One of the more general misconceptions about integrated
project delivery is the assumption that IPD is just an expanded version of the
design-build concept. While design-build principles may be closely aligned with
the fundamentals of IPD, the latter actually pitches a larger tent;
design-build simply shares space under that tent.
Construction industry sources point out that
design-build procurement and management methods can differentiate among
projects and may or may not include the owner to varying degrees. If
design-build moves more toward a procurement process or a project management
that does not include the owner, it also begins to move away from the
fundamental principles of IPD. Conversely, when design-build is used according
to its best practices, it also aligns with the best practices of IPD. This is
where the two concepts are sometimes inadvertently considered synonymous.
In its 2007 report Integrated Project Delivery—A Working Definition, the Integrated
Project Delivery Task Force released its now widely accepted statement: IPD is
a project delivery approach that integrates people, systems, business
structures, and practices into a process that collaboratively harnesses the
talents and insights of all participants to optimize project results; increase
value to the owner; reduce waste; and maximize efficiency through all phases of
design, fabrication, and construction.
The IPD Task Force, an interdisciplinary group
sponsored by McGraw-Hill Construction and the American Institute of Architects/California Council,
notes that within the ideal IPD and design-build models, the owner, designers,
and builders work jointly from a
project’s inception to mutually establish the performance, budget, and
schedule within the constraints of the owner’s business model. Moreover, IPD
principles can also be applied to a variety of contractual arrangements, with
project teams including members beyond the basic triad of owner,
engineer/architect, and contractor—all aimed at a life-cycle approach toward
As part of its core definition, IPD is a “deeply
collaborative process that uses best available technologies, but it goes beyond
merely the application of digital tools, such as building information modeling (BIM),”
the task force report notes. Unless all parties are committed to a set of
essential principles, integrated practice will not succeed, the task force
emphasizes. These principles include mutual respect, mutual benefit, early goal
definition, enhanced communication, clearly defined standards, appropriate
technology, and high performance.
To some, those principles may sound reflective of
the construction partnering process. However, the AIA/California Council
contends that partnering is purely aspirational,
with project stakeholders signing a nonbinding agreement that supports joint
and open interaction. “Partnering does not, however, change the basic contract
and liability relationships, nor does it create incentives and consequences
that flow from achieving or ignoring the collaborative goals,” the council
In contrast, IPD is a value-driven process, where
project goals are reinforced through shared risk (appropriate liability
allocation) and reward based on the best interests of the project as a whole
rather than individual performance.
Noteworthy, too, the council says that acceptance of
IPD’s essential principles does not necessarily guarantee project success.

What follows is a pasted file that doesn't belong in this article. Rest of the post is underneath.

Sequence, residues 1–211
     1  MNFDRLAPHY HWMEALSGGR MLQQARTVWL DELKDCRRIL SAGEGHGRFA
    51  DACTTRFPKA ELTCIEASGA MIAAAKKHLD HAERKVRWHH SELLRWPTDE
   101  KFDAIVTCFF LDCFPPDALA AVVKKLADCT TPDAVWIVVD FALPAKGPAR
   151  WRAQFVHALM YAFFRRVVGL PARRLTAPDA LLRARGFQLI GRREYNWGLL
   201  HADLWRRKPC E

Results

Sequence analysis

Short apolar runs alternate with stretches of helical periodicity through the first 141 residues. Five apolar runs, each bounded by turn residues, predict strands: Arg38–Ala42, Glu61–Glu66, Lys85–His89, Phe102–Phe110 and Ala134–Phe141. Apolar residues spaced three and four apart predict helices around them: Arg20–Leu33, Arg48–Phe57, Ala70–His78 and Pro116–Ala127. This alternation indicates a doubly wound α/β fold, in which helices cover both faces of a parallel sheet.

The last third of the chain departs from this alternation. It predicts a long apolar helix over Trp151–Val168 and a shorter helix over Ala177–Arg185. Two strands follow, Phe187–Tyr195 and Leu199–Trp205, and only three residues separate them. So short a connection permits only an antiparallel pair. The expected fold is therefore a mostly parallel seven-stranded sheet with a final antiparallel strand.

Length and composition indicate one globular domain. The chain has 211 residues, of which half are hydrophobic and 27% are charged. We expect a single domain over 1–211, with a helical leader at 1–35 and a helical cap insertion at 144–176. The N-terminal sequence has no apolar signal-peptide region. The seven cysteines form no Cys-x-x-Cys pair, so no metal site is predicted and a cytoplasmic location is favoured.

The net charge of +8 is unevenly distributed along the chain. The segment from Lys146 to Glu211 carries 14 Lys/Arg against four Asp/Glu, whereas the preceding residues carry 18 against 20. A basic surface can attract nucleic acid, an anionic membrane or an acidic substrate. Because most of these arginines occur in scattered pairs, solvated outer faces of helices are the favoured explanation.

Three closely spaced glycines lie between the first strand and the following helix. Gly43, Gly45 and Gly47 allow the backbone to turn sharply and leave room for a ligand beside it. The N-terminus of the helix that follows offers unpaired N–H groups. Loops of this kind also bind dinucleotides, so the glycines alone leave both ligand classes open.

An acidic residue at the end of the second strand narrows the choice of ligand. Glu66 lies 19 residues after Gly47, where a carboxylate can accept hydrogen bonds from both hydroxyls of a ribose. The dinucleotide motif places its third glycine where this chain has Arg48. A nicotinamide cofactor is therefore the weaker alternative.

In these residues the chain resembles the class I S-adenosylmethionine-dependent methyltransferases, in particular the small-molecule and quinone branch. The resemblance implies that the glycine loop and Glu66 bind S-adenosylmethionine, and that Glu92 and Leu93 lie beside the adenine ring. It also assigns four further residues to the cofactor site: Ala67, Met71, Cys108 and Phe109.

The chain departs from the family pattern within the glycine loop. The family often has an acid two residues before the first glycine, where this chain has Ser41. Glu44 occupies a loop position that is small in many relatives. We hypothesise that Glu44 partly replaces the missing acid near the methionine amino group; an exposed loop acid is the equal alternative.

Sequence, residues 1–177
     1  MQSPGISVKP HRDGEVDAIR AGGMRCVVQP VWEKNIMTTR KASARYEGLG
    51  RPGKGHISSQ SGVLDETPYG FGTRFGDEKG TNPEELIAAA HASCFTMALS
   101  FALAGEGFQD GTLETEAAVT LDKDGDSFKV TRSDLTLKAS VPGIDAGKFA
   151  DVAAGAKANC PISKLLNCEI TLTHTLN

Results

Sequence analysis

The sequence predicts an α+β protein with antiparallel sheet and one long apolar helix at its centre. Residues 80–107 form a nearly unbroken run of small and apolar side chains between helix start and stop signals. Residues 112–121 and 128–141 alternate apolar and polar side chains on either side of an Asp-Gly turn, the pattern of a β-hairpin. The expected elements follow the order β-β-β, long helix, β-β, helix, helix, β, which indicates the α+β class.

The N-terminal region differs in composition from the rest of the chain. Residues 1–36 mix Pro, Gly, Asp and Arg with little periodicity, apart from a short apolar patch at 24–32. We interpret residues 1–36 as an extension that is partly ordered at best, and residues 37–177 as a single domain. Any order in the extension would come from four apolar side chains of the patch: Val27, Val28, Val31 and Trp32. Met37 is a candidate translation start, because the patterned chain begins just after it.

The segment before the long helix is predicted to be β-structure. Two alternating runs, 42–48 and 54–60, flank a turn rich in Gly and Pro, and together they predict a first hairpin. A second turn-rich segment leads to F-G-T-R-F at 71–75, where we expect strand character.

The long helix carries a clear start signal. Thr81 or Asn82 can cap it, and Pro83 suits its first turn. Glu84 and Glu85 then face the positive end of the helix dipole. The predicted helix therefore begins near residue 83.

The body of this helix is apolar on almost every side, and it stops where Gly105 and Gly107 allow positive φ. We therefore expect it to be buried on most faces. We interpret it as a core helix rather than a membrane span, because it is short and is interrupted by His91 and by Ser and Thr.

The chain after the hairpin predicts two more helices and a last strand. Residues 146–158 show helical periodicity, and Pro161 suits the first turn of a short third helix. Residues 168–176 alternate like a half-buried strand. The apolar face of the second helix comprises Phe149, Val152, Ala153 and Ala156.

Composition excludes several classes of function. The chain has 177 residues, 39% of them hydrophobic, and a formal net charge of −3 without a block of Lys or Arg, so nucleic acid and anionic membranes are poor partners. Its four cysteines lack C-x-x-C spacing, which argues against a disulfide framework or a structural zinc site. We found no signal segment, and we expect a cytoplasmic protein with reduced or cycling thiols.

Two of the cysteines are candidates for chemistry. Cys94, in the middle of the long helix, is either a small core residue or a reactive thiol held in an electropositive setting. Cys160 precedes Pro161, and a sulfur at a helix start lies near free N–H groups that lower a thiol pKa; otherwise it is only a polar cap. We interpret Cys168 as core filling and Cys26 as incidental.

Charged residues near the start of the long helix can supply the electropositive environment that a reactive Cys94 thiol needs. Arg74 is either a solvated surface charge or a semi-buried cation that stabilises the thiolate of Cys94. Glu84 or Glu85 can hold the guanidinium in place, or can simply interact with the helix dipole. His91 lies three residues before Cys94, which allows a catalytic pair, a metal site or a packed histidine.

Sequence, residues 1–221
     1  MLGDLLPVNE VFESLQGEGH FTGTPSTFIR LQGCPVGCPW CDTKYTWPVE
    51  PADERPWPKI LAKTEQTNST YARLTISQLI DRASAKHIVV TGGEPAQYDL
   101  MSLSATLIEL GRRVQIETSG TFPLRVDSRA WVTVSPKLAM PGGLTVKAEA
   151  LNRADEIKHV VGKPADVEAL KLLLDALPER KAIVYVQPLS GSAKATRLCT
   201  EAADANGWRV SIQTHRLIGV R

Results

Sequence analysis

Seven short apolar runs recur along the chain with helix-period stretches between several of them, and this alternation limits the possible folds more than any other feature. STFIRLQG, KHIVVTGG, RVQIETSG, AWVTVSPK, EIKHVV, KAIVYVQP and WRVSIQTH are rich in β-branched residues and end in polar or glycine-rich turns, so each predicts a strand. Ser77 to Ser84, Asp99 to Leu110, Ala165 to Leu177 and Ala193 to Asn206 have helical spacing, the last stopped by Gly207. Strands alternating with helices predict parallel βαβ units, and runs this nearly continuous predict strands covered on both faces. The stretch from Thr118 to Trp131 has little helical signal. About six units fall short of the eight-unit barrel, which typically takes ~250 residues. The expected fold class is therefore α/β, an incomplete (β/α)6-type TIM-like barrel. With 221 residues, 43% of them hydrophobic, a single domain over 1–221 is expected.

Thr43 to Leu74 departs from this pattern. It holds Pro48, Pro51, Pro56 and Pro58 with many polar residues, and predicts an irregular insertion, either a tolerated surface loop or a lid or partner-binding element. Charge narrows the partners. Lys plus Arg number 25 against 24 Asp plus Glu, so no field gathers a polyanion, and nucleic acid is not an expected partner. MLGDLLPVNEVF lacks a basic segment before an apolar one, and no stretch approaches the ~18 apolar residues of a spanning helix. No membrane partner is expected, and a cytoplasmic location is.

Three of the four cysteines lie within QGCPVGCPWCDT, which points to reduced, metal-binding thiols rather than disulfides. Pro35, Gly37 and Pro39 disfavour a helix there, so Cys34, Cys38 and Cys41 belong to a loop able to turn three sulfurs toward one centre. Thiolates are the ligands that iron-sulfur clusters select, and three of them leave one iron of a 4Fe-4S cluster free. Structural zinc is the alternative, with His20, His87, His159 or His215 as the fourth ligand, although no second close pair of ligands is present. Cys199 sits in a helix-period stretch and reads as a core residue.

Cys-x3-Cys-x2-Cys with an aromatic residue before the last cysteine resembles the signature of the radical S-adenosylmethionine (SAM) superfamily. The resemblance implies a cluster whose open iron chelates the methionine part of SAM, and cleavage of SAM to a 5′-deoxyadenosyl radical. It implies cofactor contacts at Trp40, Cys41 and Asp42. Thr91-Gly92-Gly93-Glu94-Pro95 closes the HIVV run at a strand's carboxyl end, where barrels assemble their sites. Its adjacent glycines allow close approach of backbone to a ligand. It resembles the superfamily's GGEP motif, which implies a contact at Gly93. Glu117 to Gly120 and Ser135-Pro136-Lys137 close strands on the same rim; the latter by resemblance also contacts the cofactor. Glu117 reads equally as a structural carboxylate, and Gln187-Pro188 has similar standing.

“Although integrated projects can proceed using various business models, some
approaches are better suited to an integrated project than others,” according
to the IPD Task Force, which represents the interests of architects, engineers,
contractors, subcontractors, owners, and attorneys.
For instance, under the more traditional
design-bid-build approach, key participants cannot be identified until bids are
received—too late to meaningfully participate in developing the integrated
design, resulting in a likely failure to achieve the efficiency and performance
benefits of an integrated process, the task force points out. For this reason,
progressive design-build delivery methods have the potential to be more
consistent with the integrated approach.
If a business model is a good fit for IPD, there are
eight primary sequential phases that comprise the integrated approach, the task
(traditionally known as pre-design): the beginning of determining what is to be
Design (traditionally known as schematic design): where
the project begins to take shape;
Design (traditionally known as design development):
concludes the what-is-being-created phase of the project;
Documents (traditionally known as construction documents):
where the focus shifts from what is
being created to documenting how it
will be implemented;
Review: use of digital technologies such as BIM, early
involvement, and validation by agencies to shorten the final permitting process;
complete buyout of remaining contracts;
where the benefits of the integrated model are realized; and
delivery of an intelligent 3-D model to the project owner.
For construction organizations considering an IPD
approach, proponents recommend business models that promote early involvement
of key participants; equitably balance risk and reward; have compensation
structures that reward best-for-project behavior or provide incentives related
to project success; clearly define responsibilities without discouraging open
communication and risk taking; and implement management and control structures
built around team decision-making.
What has been your experience with the
IPD approach? Please send any feedback or comments to firstname.lastname@example.org.